Portions of these data were presented as a poster at the Society for Research on Nicotine and Tobacco conference in Baltimore, Maryland on Thursday, February 25, 2010.
Tobacco Quitlines Need to Assess and Intervene with Callers' Hazardous Drinking
Article first published online: 15 JUN 2012
Copyright © 2012 by the Research Society on Alcoholism
Alcoholism: Clinical and Experimental Research
Volume 36, Issue 9, pages 1653–1658, September 2012
How to Cite
Toll, B. A., Cummings, K. M., O'Malley, S. S., Carlin-Menter, S., McKee, S. A., Hyland, A., Wu, R., Hopkins, J. and Celestino, P. (2012), Tobacco Quitlines Need to Assess and Intervene with Callers' Hazardous Drinking. Alcoholism: Clinical and Experimental Research, 36: 1653–1658. doi: 10.1111/j.1530-0277.2012.01767.x
- Issue published online: 6 SEP 2012
- Article first published online: 15 JUN 2012
- Manuscript Accepted: 17 JAN 2012
- Manuscript Received: 5 AUG 2011
- National Institutes of Health. Grant Numbers: R01-CA140256, R21-CA127818, K05-AA014715
- National Cancer Institute (NCI)
- National Institute on Alcohol Abuse and Alcoholism (NIAAA)
- New York State Department of Health (NYSDH)
- State of Connecticut
- Department of Mental Health and Addictions Services (DMHAS)
- Hazardous Drinking;
- NIAAA ;
Based on published data showing that daily smokers have high rates of hazardous drinking and higher rates of smoking relapse, we hypothesized that New York State Smokers' Quitline (NYSSQL) callers would exhibit elevated rates of risky drinking and risky drinking callers would report lower rates of smoking cessation.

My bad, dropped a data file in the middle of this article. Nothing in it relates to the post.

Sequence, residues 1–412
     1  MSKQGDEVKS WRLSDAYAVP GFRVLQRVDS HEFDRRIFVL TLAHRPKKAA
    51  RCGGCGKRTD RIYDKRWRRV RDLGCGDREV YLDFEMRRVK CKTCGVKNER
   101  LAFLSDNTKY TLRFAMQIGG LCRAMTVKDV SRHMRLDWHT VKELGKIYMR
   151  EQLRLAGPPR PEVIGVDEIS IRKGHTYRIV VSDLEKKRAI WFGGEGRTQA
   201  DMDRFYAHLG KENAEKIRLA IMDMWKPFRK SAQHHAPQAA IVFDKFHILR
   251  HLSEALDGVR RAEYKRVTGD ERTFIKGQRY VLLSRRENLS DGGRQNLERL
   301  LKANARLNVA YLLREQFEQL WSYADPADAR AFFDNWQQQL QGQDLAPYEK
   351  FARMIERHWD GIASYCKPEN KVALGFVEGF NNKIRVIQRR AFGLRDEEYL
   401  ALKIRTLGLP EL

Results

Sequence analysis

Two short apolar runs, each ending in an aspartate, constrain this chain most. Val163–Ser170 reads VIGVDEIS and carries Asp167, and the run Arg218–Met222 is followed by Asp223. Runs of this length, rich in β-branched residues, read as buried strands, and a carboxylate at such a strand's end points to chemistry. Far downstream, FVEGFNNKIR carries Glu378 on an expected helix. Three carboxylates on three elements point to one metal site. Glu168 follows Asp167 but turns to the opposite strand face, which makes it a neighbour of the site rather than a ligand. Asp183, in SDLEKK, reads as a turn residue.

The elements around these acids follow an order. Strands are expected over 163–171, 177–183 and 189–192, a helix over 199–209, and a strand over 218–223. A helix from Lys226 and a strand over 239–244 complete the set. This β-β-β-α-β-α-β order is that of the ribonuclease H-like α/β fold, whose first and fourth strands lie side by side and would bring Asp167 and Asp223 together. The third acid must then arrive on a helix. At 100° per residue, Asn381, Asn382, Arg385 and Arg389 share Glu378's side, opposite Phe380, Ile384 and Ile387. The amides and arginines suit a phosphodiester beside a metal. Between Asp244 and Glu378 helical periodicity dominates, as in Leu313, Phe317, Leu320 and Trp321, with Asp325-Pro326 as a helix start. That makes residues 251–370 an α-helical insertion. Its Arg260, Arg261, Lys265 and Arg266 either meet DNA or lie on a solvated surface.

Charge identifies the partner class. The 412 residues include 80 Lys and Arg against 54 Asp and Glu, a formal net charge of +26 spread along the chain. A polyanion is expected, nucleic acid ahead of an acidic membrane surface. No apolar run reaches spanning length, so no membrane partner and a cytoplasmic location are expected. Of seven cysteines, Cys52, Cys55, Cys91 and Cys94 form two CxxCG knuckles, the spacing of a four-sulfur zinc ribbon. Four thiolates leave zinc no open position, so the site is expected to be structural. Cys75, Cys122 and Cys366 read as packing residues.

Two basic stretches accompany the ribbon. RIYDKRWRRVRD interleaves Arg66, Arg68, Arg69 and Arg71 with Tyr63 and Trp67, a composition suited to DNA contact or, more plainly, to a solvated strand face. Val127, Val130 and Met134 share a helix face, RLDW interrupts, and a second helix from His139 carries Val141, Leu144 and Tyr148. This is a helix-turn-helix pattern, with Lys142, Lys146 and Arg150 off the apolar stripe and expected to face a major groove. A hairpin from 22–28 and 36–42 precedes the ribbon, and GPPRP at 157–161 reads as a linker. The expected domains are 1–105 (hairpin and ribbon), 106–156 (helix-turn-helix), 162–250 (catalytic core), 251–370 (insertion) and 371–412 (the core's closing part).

We assessed rates of hazardous drinking among 88,479 callers to the NYSSQL using modified NIAAA guidelines. Using 2 routine NYSSQL short-term follow-up interviews (n = 14,123 and n = 24,579) and a 3-month follow-up interview (n = 2,833), we also compared smoking cessation rates for callers who met criteria for hazardous drinking compared to moderate drinkers and nondrinkers.
At baseline, 56% of callers reported drinking, and 23% reported hazardous drinking using modified NIAAA guidelines. Hazardous drinkers did not differ on measures of smoking cessation outcomes compared to nondrinkers but did have lower smoking cessation rates compared to persons who reported moderate alcohol consumption for the enhanced services program 1-week follow-up (adjusted OR [95% CI] = 1.09 [1.01, 1.17], p = 0.04) and the standard 2-week follow-up (adjusted OR [95% CI] = 1.17 [1.07, 1.29], p = 0.001).
Nearly a quarter of smokers calling the NYSSQL reported a hazardous drinking pattern, which was associated with lower cessation outcomes compared to those who reported a moderate drinking profile. Given the large number of high-risk drinkers who can be identified through a quitline, tobacco quitlines may provide a venue for providing brief alcohol interventions to these high-risk drinkers. Future studies should evaluate whether a brief alcohol intervention would result in improved smoking cessation rates for hazardous drinking smokers.